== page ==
By Carla Varriale
Last month, along with the start of baseball season and the start of recreational leagues, New York’s Appellate Division, Second Department held that the doctrine of primary assumption of risk barred a personal injury action arising out of a baseball player’s collision with a stationary base.
The plaintiff, an experienced recreational baseball player who was playing in a tournament at the time of the alleged accident, slipped on artificial turf as he was running to second base. He struck the second base bag with the inner portion of his left foot and sustained severe personal injuries including a fractured fibula. Prior to the accident, the defendants had resurfaced the playing field, which was made of artificial turf, and installed stationary bases instead of breakaway bases. The plaintiffs alleged, among other things, that the defendants were negligent in failing to warn players of the use of stationary bases instead of breakaway bases.
The Appellate Division, Second Department held that the doctrine of assumption of the risk defeated the plaintiff’s negligence action. It affirmed the summary judgment initially rendered in favor of the defendants. The Court noted that as the operators of the premises where the baseball tournament was held, the defendants did not owe a duty of care to the plaintiff because he had an appreciation of the nature of the risks and, notwithstanding that awareness, he voluntarily assumed the risk of injury. The plaintiff was sixteen years old at the time of the alleged accident and an admittedly experienced baseball player. The plaintiff’s deposition testimony that he was aware of the rigidity of the bases before the accident was an admission that proved fatal to his negligence action against the defendants. Moreover, there was no proof that the defendants unreasonably increased the alleged dangers beyond the usual dangers inherent in the sport at the time of the alleged accident by using stationary bases instead of breakaway bases. The judgment below was affirmed in the defendants’ favor.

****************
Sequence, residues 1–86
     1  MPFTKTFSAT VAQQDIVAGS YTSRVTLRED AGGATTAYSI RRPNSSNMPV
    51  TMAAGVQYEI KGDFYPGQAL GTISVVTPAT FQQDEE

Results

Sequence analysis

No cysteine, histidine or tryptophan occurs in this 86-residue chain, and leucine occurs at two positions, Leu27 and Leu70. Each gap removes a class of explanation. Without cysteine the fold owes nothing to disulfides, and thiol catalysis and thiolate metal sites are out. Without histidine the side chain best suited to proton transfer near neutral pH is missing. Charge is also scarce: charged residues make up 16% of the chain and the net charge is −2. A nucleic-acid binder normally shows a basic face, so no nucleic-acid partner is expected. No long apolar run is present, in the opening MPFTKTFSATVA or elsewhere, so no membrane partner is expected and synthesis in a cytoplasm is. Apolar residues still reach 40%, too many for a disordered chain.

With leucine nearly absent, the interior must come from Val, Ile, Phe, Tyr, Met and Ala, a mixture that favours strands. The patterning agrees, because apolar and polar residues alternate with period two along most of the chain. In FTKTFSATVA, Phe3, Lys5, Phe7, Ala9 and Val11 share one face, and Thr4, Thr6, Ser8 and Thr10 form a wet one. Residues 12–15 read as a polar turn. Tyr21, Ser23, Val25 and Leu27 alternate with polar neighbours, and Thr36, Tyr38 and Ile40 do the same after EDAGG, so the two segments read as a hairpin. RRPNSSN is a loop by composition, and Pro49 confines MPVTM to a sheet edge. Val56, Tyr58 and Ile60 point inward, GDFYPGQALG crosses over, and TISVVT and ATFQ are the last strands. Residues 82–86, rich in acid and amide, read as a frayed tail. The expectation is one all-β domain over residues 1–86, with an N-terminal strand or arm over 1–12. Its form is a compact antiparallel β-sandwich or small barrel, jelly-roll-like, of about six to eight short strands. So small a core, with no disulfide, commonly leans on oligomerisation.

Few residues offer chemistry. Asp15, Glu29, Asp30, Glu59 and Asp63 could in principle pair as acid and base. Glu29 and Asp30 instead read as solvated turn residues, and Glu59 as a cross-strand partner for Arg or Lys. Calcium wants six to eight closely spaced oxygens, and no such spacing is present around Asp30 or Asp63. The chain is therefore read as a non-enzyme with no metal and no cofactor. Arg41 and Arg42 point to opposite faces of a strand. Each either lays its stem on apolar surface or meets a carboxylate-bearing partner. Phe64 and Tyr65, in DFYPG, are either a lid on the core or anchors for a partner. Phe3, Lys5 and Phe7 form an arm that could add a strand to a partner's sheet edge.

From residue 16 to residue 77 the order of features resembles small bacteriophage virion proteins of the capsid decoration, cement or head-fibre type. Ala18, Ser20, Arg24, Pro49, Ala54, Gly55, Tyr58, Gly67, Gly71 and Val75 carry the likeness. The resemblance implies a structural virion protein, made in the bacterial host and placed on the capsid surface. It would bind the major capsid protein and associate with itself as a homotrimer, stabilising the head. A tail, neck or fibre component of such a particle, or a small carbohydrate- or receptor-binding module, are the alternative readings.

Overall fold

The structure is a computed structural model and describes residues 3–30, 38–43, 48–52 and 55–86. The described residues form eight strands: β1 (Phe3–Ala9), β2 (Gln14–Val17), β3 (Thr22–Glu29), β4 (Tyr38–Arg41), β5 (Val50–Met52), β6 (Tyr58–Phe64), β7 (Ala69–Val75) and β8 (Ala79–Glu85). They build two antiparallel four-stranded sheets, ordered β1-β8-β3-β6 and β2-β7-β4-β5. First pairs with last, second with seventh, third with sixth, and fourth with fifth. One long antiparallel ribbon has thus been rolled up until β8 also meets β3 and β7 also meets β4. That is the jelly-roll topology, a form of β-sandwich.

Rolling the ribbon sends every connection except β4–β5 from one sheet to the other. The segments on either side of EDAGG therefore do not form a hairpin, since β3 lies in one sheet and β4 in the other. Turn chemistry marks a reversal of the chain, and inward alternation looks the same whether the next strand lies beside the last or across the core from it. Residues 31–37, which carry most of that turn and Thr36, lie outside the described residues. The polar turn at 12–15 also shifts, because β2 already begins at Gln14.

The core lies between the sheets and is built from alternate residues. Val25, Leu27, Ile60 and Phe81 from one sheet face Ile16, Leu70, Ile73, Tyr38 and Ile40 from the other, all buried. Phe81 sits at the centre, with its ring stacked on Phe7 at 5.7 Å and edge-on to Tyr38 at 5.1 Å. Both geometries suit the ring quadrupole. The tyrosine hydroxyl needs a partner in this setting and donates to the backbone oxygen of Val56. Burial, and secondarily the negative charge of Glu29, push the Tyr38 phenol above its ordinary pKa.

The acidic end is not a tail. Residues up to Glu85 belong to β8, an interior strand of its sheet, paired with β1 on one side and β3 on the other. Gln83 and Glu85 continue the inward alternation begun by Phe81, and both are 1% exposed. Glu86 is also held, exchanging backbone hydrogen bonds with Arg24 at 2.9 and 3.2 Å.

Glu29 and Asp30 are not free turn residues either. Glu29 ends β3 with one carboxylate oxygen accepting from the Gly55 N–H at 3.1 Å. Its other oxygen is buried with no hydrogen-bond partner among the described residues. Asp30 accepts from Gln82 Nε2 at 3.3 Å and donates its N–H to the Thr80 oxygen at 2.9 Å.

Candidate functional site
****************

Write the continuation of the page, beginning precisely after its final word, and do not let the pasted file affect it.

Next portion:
The case, Jason Gonch, et al. v. Baseball Heaven, Inc., et al. (2019 Slip Op 03030) was decided on April 24, 2019.
Carla Varriale is a litigator and an instructor at Columbia University’s Sports Management program where she teaches “Sports Law and Ethics.” Her practice includes the defense of clients in the sports and recreation industries and the representation of athletes in matters brought before the U.S. Center for SafeSport. She can be contacted at firstname.lastname@example.org